Ten years, SEK 150 million. Many pre-studies, research projects and innovation projects will come out that. But on what research? Rein Juriado from the Swedish Transport Administration was clear about that the specific content may be created by industry and researchers together.
”You have to come up with what is needed to create a sustainable shipping, he said when he opened the very first annual seminar of the industry programme Sustainable shipping in Gothenburg this week.
Many of the 90 conference participants were in place early and the talks were well under way before the start of the day, which Lighthouse Head of Operations Åsa Burman hooked on.
”We want a greatly broadened and in-depth triple helix collaboration. We want a number of projects where you work together. It is the whole Lighthouse idea, she said before the program's first round of projects were presented.
They concern different topics – from emissions, fuel issues and social sustainability to sustainable ports, port state controls, anti-fouling and autonomous security.
Hopefully they all will contribute to the future of shipping. So what can we expect of the future? In his trend span, Christian Grusell from DNV GL stated that transport volumes will increase by 50 per cent by 2030, while shipping will reduce carbon dioxide emissions by 50 per cent by 2050. So how do you solve that equation?
"Logistics, the speed of the vessels and increasing ship sizes, we can reduce emissions a bit, but new fuels will stand as the most important thing if we are to succeed in achieving this," he said and presented figures that showed that in 2050, LNG and fossil-free fuels will account for about two-thirds of the shipping fuel.
Automated and self-driving vessels then? Well, they will hardly become a reality on a larger scale during our lifetime. Mikael Lindmark from SEKO seafarers showed a picture of what he described as "Rolls Royce's wet dream" - a self-driving ship that transports 100,000 tonnes across the Atlantic.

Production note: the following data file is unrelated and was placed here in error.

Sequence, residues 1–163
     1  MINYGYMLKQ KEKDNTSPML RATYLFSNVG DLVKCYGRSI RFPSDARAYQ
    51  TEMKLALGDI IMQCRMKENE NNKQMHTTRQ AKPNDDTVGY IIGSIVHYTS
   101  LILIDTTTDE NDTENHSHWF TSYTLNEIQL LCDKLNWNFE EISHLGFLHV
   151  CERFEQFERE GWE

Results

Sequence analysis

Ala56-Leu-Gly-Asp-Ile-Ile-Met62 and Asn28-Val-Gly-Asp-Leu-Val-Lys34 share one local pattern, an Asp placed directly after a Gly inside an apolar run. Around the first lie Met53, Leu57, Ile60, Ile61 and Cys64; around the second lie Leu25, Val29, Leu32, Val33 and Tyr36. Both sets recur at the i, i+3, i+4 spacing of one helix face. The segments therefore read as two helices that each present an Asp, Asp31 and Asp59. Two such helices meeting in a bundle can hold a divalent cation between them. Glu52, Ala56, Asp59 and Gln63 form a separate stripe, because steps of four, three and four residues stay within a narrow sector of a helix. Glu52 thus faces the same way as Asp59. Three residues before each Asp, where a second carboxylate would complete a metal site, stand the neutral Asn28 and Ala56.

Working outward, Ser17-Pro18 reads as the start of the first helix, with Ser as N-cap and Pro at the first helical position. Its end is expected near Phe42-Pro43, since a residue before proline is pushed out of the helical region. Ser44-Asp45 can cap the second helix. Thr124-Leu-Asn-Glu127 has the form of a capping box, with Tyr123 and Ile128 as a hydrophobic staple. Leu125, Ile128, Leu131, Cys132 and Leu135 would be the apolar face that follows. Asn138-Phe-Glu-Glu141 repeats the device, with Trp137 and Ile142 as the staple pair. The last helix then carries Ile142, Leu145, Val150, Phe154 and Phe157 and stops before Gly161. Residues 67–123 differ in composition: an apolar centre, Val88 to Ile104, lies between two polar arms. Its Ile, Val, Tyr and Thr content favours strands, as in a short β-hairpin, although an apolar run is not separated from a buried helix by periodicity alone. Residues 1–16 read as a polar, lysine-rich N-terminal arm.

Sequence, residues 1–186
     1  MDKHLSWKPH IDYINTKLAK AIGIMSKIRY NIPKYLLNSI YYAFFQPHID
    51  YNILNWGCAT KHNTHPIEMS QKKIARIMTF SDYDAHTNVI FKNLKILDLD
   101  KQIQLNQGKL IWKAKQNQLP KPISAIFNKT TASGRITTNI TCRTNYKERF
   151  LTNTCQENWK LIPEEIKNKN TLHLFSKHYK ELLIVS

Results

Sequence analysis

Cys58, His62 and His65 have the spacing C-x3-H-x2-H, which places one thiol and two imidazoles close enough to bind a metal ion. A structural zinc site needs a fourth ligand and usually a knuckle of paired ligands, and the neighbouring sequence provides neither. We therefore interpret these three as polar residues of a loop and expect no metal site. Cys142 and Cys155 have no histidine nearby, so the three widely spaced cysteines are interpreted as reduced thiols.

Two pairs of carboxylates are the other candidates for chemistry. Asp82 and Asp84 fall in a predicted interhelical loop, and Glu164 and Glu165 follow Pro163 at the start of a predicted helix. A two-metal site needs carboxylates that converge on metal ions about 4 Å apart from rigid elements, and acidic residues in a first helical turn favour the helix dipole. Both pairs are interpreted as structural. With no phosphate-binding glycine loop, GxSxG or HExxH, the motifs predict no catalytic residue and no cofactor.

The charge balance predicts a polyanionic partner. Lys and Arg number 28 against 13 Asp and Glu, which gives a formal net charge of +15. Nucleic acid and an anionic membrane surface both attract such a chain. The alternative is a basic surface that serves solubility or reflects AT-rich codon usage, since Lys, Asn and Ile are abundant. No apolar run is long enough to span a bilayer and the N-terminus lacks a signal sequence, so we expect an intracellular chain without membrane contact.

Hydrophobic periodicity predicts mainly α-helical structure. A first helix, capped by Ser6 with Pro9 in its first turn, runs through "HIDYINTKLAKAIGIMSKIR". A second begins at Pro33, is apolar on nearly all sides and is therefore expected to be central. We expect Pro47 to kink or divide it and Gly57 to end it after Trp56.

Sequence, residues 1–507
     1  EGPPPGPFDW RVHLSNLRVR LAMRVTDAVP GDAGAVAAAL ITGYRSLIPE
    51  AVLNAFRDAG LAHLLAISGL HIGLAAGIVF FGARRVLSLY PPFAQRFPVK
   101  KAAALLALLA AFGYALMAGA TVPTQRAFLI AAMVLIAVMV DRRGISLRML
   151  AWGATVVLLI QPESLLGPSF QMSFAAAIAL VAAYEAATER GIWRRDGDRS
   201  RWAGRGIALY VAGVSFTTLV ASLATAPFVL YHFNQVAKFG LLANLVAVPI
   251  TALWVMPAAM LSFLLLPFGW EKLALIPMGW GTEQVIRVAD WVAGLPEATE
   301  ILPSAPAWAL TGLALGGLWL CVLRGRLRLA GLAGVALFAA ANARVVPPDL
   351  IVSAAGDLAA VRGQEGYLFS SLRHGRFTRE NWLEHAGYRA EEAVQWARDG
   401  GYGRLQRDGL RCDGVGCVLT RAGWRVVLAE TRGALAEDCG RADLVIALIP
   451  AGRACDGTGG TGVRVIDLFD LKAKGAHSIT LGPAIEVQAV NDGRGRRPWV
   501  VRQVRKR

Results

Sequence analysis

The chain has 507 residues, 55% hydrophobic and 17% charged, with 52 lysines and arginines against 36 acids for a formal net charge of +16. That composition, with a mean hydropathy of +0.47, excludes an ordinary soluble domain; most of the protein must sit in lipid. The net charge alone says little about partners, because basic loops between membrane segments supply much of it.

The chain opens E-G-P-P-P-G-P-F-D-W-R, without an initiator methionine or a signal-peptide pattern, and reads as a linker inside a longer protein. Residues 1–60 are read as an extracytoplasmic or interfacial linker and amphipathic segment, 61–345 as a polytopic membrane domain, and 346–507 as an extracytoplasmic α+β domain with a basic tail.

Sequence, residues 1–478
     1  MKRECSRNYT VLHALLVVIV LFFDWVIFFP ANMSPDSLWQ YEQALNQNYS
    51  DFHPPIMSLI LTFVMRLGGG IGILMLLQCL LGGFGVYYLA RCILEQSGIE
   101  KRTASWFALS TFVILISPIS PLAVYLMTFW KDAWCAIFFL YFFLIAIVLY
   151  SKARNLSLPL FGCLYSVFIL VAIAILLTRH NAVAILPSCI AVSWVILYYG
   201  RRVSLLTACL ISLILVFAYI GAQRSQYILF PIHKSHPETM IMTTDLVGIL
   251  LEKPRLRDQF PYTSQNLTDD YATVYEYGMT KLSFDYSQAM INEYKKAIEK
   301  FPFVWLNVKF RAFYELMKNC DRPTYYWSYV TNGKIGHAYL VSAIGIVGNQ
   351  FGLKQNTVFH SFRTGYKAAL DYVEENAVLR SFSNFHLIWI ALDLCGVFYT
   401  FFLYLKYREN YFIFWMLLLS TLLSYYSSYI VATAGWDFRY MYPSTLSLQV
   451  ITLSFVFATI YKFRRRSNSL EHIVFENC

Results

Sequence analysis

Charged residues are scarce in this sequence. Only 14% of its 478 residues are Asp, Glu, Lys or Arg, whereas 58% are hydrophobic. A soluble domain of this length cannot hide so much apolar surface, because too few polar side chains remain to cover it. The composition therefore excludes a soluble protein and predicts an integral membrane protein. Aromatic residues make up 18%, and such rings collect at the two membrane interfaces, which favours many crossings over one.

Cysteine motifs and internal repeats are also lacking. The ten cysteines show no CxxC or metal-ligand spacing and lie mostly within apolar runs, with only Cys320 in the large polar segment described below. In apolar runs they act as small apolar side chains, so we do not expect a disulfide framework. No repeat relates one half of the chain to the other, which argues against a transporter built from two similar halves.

”I want to be clear that we will never counteract this. But we don't believe it.”
He mentioned two reasons for this. First, the crew accounts for a very small part of the total cost.
”Compared to fuel costs, the entire land organization, they do not cost much.”
Second, it is not easy to "automate" international regulations.
”You who have been in the IMO know how rigid it is. It takes immensely long time. Not may self-driving vessels will be built in the next few years, but the ambitions will drive the development forward for life and work aboard”, Mikael Lindmark, said.
Yes, digitization will provide opportunities. Erik Froste, head of the Färjerederiet mentioned automation of "gas and brake".
”If we automate the speed and drive our ferries optimally every time, we make energy savings of about 15 percent.
The very last words of the day were delivered by Chairman of the Board of Lighthouse, Harry Robertsson.
”I think this day has shown that there is a strong faith in the future, that we are many stakeholders who together can make sustainable shipping a reality. But we must also make shipping more visible in the public debate. It is very important that we get young people and the next generation interested in this exciting industry.”